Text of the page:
" Ahimé! " before saying this why did he not try to run his machine backwards? Had he done so, instead of taking Liebmann's dictum, he would have perceived that two planes which lie symmetrically with regard to F give the same circle therein, so that the correspondence is not (1, 1) but (1, 2). Hausdorf, proceeding analytically, points this out with caret and subsequently changes it to a (1, 1) correspondence by covering the plane over with two different layers of points.

* "Analytische Beitrâge zur nieht-euklidische Geometrie," Leipziger Berichte, vol. 51 (1899).

t "Synthetische Ableitung der Kreisverwandtschaften, etc.," ibid., vol. 54 (1902).

I Loc. cit., p. 177.

Page 10: NON-EUCLIDEAN GEOMETRY. The Elements of Non-Euclidean


I t is curious that this mistake was not brought to our author's notice by the following inconsistency. He points out (page 218) that two circles may intersect in four (real) points, the resulting angles being equal in pairs, but warns us at the top of the next page that the four angles are not, in general, equal. We then reach this interesting theorem (page 231) :

The angle between two planes is equal to the angle of inter" section of their marginal images.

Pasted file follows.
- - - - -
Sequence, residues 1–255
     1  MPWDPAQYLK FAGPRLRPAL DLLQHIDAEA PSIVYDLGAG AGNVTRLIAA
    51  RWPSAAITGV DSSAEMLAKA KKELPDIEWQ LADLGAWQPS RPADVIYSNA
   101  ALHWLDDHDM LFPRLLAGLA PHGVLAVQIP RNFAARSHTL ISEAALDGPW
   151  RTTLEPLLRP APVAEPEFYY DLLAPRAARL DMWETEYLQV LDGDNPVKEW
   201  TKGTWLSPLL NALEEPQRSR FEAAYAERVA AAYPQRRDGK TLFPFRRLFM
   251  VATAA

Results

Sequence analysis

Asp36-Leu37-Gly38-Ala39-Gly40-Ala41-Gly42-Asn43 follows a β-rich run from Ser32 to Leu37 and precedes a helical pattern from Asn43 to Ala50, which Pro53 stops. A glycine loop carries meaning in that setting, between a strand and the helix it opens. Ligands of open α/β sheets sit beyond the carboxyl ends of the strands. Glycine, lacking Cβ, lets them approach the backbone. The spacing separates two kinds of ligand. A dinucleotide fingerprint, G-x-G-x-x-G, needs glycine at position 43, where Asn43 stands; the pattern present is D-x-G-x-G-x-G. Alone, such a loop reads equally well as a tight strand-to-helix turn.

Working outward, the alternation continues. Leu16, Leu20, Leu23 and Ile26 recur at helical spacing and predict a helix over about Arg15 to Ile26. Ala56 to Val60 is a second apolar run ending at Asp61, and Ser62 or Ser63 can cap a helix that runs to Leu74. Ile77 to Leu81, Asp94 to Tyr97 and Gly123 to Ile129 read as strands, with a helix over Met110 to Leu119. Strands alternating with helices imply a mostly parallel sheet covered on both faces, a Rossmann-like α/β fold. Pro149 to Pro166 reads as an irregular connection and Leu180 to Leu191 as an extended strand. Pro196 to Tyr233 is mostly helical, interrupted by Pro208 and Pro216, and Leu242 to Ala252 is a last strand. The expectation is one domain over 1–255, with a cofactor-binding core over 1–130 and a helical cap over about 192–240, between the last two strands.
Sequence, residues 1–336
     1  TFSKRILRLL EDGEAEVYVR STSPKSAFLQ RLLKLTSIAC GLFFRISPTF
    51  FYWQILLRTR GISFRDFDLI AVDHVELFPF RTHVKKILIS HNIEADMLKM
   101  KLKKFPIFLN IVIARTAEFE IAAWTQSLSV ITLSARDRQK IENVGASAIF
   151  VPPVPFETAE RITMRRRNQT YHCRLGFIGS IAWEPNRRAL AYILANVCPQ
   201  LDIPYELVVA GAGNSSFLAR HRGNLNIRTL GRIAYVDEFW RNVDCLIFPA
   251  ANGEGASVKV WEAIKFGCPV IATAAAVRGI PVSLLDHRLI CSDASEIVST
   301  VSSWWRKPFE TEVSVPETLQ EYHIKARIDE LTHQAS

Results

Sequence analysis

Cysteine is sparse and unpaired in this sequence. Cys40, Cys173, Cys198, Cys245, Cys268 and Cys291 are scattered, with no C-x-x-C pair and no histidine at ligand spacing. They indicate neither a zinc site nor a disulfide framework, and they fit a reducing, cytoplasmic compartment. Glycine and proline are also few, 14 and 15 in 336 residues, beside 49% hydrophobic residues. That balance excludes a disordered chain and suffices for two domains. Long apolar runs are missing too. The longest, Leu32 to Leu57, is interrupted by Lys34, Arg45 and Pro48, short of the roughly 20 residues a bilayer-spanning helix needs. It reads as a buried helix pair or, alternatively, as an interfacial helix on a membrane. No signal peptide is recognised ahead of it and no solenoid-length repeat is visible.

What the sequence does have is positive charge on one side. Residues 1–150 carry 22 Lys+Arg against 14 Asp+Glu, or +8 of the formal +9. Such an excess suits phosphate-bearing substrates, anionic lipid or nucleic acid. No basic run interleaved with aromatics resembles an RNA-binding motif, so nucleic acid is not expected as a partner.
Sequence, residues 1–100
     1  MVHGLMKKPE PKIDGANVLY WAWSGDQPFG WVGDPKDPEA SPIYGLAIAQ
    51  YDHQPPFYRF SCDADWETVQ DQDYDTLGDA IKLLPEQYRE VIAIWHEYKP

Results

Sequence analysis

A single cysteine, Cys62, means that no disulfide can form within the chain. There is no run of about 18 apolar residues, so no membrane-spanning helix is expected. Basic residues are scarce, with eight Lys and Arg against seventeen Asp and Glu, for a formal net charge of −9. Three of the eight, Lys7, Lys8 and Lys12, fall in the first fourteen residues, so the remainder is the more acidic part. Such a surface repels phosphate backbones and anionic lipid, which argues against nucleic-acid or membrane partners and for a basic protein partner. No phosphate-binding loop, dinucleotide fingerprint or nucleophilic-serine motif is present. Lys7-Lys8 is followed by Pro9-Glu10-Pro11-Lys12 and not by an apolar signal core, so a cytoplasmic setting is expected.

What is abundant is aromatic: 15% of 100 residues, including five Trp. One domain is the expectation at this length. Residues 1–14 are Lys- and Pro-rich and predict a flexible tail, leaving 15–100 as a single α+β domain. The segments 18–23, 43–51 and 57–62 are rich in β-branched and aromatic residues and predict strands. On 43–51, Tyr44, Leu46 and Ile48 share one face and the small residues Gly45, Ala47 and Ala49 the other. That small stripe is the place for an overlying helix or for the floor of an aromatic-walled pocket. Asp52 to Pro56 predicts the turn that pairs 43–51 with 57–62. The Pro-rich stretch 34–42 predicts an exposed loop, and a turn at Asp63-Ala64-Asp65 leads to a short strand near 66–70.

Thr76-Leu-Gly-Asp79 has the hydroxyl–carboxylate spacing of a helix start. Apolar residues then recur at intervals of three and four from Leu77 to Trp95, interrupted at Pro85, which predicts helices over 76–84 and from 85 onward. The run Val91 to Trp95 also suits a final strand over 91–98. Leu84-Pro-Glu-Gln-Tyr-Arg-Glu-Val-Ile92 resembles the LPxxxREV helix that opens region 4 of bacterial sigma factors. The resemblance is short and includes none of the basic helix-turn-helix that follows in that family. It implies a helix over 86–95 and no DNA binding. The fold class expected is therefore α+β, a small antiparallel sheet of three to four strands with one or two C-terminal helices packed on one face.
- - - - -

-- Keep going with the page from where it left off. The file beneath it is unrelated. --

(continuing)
The marginal image of a plane is the circle which corresponds in the present scheme. Of course the correct theorem is this:

Given two circles in F, the one represented by the planes E\E^ the other by Gi6?2. Two angles of these circles will be equal to the angle of the planes E\G\ (or E2G2), the other two will be equal to the angle of the planes E1G2 (or E2G{).

Chapter VIII discusses circular transformations both geometrically and analytically. Part of the analytic work seems a bit messy; the geometrical treatment is ingenious, especially the proofs of the theorems that every circular transformation of the non-euclidean plane is conformai, that it can be factored into the product of a congruent transforma­tion and an inversion or radiation, and that every circular transformation of the plane corresponds to a congruent trans­formation of space. These are valuable theorems which we are glad to see in such a work. Unfortunately we must note one more oversight, analogous to those which marred the chapter preceding, and common to most writers upon this subject.*

Let us take what our author calls (page 241) a hyperbolic inversion. Here corresponding points P and P ' are collinear with the center of inversion 0, the product of the hyperbolic tangents of the halves of their distances from 0 is constant, and they are on the same side of 0. The analogy to euclidean inversion seems complete, for here we may define inverse points as being collinear with 0, the product of their distances therefrom is constant, and they are on the same side of 0. There is, however, an important distinction. The require­ment that the two points should be on the same side of 0 is not